Joan Miró

A painter, sculptor and ceramicist, Joan Miró was a major figure of twentieth century art, who was born in 1893 in Barcelona, Spain. After graduating from business school, he attended two art academies in Barcelona, completing his education at the Escola d'Art. From 1920 onward, he lived and worked alternatively in Paris and in Spain, where he definitely settled in 1956. He passed away aged 90 in Palma, Spain in 1983.


 Early works by Miró reflect his focus on Fauvism and Cubism and the influence of the powerful, flat two-dimensionality of Catalan folk art and Romanesque church frescoes of his native Spain. In his mature style, which soon became a hallmark of Surrealist art, Miró drew on memory, fantasy, and the irrational to create works of art that are visual metaphors of surrealist poetry, paintings that became known as 'peinture-poésie.' These dreamlike visions, with gestural abstract signs and symbols as well as written words, have a whimsical or humorous quality but also appeal to an art of the spirit. The forms in the paintings from this period, amorphous amoebic shapes termed biomorphic, are usually painted in a limited range of bright colors, primarily blue, red, yellow, green, and black.


Miró's fame and recognition became international during the 1930's and during his lifetime retrospectives took place at the Museum of Modern Art, New York in 1941, Musée National d'Art Moderne, Paris (1962); Grand Palais, Paris (1974) and in 1978 the Musée National d'Art Moderne, Paris, exhibited over five hundred works in a major retrospective of his drawings. Miró's works in public spaces include the Miss Chicagosculpture, Chicago; Figure and Birds, Houston; Project for a Monument, Milan; the ceramic mural on the front of the Palacio de Congresos, Madrid; two ceramic murals, Wall of the Sun and Wall of the Moon, at Unesco headquarters, Paris; and Lovers Playing with Almond Blossom in La Défense, Paris. Other works can be found at the Fondation Maeght, in Saint Paul-de-Vence; the Guggenheim Museum, MoMA and the Metropolitan Museum of Art, New York; the National Gallery of Art, Washington D.C.; the Philadelphia Museum of Art; the Museo Nacional Centro de Arte Reina Sofía, Madrid; and the Centre Pompidou, Paris, among others. In 1975, he founded the Fundacio Joan Miró in Barcelona with the idea of encouraging younger artists to experiment with contemporary art. In October 2018, the Grand Palais in Paris opened the largest retrospective devoted to the artist until this date.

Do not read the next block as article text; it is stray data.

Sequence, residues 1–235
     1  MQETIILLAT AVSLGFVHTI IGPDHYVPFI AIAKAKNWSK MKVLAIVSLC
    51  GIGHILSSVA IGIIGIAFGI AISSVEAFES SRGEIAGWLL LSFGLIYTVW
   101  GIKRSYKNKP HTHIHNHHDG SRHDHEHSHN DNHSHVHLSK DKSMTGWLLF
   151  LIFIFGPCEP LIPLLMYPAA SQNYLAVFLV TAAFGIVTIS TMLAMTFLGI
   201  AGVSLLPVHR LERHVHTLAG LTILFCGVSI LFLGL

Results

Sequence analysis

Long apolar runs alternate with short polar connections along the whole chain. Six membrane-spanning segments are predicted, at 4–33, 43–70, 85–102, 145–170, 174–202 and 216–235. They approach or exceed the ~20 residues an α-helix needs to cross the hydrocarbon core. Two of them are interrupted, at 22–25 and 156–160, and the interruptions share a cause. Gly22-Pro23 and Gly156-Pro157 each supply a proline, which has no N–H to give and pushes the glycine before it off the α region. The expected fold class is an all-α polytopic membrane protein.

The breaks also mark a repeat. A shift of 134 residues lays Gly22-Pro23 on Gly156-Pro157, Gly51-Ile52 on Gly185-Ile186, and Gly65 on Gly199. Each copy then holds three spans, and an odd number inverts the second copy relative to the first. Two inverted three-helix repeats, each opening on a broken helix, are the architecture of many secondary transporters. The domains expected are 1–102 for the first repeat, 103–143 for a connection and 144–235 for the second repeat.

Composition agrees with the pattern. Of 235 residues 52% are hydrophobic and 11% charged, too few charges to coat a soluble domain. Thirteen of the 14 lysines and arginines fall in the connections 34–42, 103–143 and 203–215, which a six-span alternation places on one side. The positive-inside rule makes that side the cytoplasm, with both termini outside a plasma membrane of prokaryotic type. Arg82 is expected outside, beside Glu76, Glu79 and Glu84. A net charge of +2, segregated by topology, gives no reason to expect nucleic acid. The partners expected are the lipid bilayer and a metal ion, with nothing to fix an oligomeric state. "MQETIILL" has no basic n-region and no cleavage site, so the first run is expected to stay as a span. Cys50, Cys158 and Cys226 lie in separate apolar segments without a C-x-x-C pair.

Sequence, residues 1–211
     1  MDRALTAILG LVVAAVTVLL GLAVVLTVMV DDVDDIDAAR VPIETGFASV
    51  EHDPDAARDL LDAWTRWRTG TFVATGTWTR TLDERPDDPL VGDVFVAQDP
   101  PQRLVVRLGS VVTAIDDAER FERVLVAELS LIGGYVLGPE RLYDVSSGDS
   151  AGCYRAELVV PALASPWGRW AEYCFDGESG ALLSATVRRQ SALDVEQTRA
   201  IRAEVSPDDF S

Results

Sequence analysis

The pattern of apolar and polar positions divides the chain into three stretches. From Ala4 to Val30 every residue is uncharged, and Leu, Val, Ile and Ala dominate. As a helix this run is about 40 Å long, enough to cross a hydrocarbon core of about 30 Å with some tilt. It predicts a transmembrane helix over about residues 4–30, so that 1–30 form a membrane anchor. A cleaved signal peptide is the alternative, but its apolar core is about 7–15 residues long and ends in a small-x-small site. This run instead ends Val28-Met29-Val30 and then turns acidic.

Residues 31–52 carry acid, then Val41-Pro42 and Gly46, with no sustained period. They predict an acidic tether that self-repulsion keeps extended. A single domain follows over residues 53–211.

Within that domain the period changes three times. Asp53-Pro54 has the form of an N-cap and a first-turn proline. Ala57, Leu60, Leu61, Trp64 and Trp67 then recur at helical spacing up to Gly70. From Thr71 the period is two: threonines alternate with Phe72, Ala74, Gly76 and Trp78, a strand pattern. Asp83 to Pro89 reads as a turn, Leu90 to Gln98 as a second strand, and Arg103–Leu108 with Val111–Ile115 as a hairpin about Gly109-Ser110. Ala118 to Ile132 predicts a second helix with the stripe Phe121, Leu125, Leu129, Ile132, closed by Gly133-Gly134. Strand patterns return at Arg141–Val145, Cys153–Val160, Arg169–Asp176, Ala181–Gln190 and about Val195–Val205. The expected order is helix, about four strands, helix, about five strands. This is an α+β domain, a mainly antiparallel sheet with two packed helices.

Photo © Robert Stiggins—Hulton Archive